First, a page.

Psychosocial Health Education Within Community Mental Health Inpatient Recovery Wards In UK: Patients’ Voices

Joy M. Rooney, Phil Brain


Societies include people vulnerable to mental health distress; such people may find themselves detained. Mental health recovery wards seek to rehabilitate individuals who suffer severe, and enduring mental health distress, through community living, to re-establish, or learn new life-skills. The National Institute of Clinical Excellence (NICE) recommended more structured group activity to improve interpersonal functioning, including psychologically informed approaches. Psychosocial health education is qualified teacher-led, rather than psychoeducation, psychology, or interventions implemented by other health professionals, peer support workers, or storytelling by patients to each other. This study outlines patients’ evaluations of psychosocial education within inpatient recovery/rehabilitation wards during 2016-2021. Patients (87%; n=82) who opted to attend 12 courses, provided anonymous voices through use of a numerical rating scale, manuscript written free text (n=93), and completed a short questionnaire (n=10), across two National Health Service (NHS) wards in the West Midlands, England, UK. Patients’ voices were qualitatively analysed thematically. Ten distinguished themes suggested that psychosocial education was interesting, enjoyable, sociable, transformative, of decent quality, and projected to be of much benefit to patients’ future lives. Ratings (n=270) were hierarchically analysed using GENSTAT to distinguish patients’ preferences. Preferences for courses from patients’ voices were exercise and mental health, wellness planning, feelings and emotions, Tai chi, mood and food, steps to confidence, stress busting, hearing voices, peer recovery, self-esteem, motivation, and bite size psychology. Patients believed education, with goal setting supported by all staff, provided new embedded knowledge, applicable to integration into society, with improved interpersonal functioning.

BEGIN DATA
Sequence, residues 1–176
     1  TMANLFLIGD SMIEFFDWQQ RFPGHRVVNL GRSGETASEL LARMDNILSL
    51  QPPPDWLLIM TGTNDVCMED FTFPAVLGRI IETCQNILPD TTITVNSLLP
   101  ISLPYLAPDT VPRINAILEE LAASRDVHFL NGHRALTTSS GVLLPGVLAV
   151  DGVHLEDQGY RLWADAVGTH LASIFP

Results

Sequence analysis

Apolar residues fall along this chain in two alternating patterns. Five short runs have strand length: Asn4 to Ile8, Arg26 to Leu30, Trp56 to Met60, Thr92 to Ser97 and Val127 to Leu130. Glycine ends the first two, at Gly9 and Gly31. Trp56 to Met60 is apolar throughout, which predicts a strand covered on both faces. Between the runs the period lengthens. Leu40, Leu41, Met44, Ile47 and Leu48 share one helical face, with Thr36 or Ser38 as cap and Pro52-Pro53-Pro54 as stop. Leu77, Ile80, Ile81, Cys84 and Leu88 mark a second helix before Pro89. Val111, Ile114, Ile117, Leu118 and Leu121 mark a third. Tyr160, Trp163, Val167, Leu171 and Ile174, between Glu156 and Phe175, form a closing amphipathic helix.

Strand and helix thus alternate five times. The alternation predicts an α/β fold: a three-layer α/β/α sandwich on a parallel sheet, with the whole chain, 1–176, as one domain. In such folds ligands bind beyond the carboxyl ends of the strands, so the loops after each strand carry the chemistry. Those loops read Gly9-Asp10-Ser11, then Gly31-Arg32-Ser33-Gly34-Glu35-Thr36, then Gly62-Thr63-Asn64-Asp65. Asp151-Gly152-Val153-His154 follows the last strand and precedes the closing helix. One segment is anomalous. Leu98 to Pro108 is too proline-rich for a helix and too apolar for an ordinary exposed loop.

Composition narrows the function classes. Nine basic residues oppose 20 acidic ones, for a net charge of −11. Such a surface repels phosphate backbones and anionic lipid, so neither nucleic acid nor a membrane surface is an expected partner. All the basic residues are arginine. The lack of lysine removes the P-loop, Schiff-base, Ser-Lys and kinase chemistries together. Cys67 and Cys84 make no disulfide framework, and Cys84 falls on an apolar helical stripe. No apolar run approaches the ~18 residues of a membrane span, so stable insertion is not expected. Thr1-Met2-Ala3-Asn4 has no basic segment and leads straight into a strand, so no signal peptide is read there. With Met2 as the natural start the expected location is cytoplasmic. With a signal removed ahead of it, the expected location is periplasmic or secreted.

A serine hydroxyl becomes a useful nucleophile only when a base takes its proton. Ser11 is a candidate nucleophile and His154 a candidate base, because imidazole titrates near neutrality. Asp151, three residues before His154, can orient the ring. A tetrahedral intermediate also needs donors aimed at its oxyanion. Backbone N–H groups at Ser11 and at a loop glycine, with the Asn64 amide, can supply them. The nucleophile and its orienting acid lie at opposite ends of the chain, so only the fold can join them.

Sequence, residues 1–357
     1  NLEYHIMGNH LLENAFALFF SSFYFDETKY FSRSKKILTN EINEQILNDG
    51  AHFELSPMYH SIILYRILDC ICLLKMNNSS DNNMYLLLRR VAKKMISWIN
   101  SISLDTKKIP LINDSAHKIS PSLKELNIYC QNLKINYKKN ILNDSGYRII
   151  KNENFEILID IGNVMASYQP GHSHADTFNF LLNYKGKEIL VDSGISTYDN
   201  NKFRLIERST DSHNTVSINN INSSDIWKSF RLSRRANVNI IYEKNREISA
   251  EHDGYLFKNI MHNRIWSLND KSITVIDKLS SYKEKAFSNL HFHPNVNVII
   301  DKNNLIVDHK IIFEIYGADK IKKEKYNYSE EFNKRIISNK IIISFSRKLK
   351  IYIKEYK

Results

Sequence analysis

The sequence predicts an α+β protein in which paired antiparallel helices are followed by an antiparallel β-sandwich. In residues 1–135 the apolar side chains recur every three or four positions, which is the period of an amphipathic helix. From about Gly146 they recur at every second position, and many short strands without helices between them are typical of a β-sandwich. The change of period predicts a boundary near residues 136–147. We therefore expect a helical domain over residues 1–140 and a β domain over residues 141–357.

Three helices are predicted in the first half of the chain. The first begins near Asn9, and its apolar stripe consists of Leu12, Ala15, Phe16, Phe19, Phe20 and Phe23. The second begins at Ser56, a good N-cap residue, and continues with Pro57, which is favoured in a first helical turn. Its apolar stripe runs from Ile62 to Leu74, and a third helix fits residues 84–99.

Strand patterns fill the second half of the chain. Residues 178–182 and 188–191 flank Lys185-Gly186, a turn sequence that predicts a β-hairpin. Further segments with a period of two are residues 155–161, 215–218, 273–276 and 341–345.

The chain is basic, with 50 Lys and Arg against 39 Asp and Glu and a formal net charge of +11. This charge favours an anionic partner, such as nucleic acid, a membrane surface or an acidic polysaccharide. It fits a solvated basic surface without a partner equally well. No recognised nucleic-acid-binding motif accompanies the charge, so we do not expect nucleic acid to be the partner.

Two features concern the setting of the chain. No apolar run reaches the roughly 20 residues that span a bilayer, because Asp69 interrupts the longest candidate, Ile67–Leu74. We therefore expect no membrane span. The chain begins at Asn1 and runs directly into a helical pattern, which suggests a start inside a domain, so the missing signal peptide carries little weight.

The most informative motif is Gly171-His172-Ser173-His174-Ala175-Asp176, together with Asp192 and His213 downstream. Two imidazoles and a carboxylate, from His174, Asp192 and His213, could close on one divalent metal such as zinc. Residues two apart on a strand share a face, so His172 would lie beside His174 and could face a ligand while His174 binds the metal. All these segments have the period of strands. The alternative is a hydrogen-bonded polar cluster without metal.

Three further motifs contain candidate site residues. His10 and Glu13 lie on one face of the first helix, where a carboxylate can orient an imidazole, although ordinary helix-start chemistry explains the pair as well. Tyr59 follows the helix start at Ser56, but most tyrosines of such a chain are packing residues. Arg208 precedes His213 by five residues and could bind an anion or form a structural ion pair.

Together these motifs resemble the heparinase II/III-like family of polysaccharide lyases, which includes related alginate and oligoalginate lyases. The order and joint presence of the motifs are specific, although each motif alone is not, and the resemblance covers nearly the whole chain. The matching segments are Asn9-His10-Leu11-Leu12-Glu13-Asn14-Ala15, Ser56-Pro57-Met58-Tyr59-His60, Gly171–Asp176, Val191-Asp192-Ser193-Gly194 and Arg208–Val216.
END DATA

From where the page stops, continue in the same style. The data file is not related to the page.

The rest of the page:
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Journal of Education and Training Studies  ISSN 2324-805X (Print)   ISSN 2324-8068 (Online)

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